In a shared house it's important to take responsibility for what we own. For instance, recently when Tony was without a car for a spell then replaced it, it became apparent we had some chamois leathers that the rest of us all thought were his but he had just inherited from some forgotten past event (perhaps when I sold my car?) and he didn't use or want them. It took a while to sort out because he knew they weren't his, so assumed they just belonged to the house — but I personally consider that a dangerous category. We do have things (cooking and cleaning equipment and furniture) that we all use, but everything belongs to someone which is important for ensuring that things no one uses don't slowly stack up — like the chamois leathers but a multitude. So I know what's mine and I keep it in my room apart from the things people like to share. The two clothes airers we have were both bought by me, and if ever we stop needing them it's my responsibility to move them on — but I wouldn't do so without checking first, because at the moment everyone uses them.

So practicing minimalism is what I do, but it's a lot less frugal than old-fashioned simplicity, because to fit my stuff in the boundaries of my room means I change what I have quite a bit because I get bored of it. I don't aim to buy nothing, just to keep only a little.

Then there's the upper echelons of simplicity — extreme minimalism, one-bag minimalism and voluntary poverty (like monastics). I think there's just a smidgin of danger in this path, in that it can feed into neurosis, and it's wise to understand that and be careful where signs of obsession appear. But that said, I do admire those extreme forms of simplicity. It's what Jesus did, and St Francis and the Buddha, and Gandhi, and Mother Teresa, and I learn a phenomenal amount from people who walk in these paths, but I personally am more materialistic than that.

I read, and watch television and videos on YouTube, and I think a lot, but neither my health nor my finances are robust enough for me to travel or do much in the way of experiences, so I'm pretty much based at or near home. There are even churches I can't go to because the seats hurt me, and I can't walk very far any more. I even have to limit how much I eat out because what I eat affects how well I stay. So I do enjoy swapping my possessions in and out shopping online (eBay mostly), because it's fun and interesting. Honestly? It's something to do. Keeps me cheerful.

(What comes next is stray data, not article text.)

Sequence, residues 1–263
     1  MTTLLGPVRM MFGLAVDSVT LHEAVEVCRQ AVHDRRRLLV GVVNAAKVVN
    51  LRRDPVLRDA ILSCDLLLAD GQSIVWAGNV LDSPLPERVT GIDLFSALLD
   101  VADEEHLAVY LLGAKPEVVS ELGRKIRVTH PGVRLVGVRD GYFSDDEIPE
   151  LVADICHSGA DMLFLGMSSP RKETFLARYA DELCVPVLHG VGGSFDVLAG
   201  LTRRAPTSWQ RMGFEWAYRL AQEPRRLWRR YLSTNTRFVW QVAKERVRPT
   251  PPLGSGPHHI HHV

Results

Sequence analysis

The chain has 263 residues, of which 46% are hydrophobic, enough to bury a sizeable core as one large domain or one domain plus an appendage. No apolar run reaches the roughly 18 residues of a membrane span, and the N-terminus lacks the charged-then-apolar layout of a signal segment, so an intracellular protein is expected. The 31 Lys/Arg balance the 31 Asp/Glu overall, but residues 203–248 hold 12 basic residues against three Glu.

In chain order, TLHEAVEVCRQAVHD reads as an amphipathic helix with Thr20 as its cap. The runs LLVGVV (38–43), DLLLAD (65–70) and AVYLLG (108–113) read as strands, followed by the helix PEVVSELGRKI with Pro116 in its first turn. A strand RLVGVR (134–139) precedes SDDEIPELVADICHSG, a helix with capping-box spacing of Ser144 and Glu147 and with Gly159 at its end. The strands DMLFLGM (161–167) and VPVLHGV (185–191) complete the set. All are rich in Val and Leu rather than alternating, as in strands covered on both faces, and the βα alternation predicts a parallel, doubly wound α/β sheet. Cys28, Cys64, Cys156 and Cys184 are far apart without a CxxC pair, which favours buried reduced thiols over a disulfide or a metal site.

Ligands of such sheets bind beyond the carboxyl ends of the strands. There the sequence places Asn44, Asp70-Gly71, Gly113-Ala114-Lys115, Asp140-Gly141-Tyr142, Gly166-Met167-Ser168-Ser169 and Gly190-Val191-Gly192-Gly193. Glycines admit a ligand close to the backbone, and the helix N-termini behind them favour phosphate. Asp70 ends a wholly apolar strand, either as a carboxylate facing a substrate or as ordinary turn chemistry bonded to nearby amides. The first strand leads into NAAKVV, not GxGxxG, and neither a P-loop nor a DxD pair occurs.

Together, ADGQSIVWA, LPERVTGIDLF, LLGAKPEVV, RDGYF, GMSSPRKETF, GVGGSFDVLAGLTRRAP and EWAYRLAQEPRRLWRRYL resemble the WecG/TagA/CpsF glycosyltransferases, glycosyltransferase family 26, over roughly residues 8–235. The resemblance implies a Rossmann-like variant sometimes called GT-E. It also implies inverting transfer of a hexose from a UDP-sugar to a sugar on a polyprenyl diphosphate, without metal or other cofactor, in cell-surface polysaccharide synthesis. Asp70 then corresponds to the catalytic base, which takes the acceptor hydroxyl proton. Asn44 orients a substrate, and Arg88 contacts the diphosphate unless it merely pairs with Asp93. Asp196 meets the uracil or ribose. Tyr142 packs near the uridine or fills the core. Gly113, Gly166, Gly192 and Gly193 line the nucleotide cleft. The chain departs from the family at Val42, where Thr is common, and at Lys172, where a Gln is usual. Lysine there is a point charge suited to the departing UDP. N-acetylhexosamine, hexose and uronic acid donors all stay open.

What I hope you can draw from this is not so much information about me, as that though simplicity is a good idea for everyone, what it looks like in your life will be determined by your circumstances and personality. If you are a healthy, young, single accountant, you could be a one-bag minimalist living in hotels anywhere in the world, your professional activities all digitised. If you are the mother of three young children all taught at home, you will have quite a lot of stuff to curate in your family life, and your practice of simplicity will feature keeping careful household accounts, buying secondhand, and making heroic efforts to persuade everyone to keep the stuff mountain low.

It's not something you ever come to the end of, because your circumstances and your actual self change as the years roll by. You can learn and practice the principles of simplicity, but the point is that simplicity is flexible — it makes adaptation easier as the unknown and unexpected arrives in your life. 

There are, I think, only three constants:

  • It should work for you as a person. It doesn't matter what anyone else is doing. Comparison isn't very helpful. It should be an expression of the essence of who you are.
  • It should be part of your loving — allow your money and space and belongings to help other people. If you need loads of space to accommodate loads of stuff that you don't use and won't share, that's not kind.
  • It should be an expression of your reverence. God made this beautiful Earth and meant for us to honour it and love it and keep it beautiful. How we live should be responsible, sustainable and socially just — not living beyond the regenerative capacity of nature or dependent on sweatshops, injustice and slavery.

If those three principles can be seen in the way you practice simplicity, then in my opinion you're doing it right.

So here are two things leaving my life today.

An imploded water harmoniser.

I wear one every day, and have some earrings made of harmonisers too, but I had this extra one, so I gave it to a friend.

And a pair of leggings.

I find leggings very useful — the soft, underwear-ish sort, not the very tight trousers kind — but now I no longer wear skirts I really need them only for pyjamas or extra warmth under trousers in winter. So I've kept a couple of pairs and gradually let the others go — either to a charity shop or on Freegle.

Saturday, 19 June 2021

730 things — Days 99 & 100

 Yesterday was such a full day!

It was Friday, when the Abel & Cole van brings our food shopping — all the organic things it can be hard to source in the regular shops; and the vegetables are mostly without packaging except the main boxes and wool protective packing, so we rather treasure Abel & Cole.

But their delivery time is very early in the morning, so on Fridays I have to set my alarm for 5.00am, and go downstairs to open the front door (I lock the inner one in case I go back to sleep afterwards) and put last week's packaging in the porch for them to collect and re-use. I usually hear their van in the road well before six o'clock.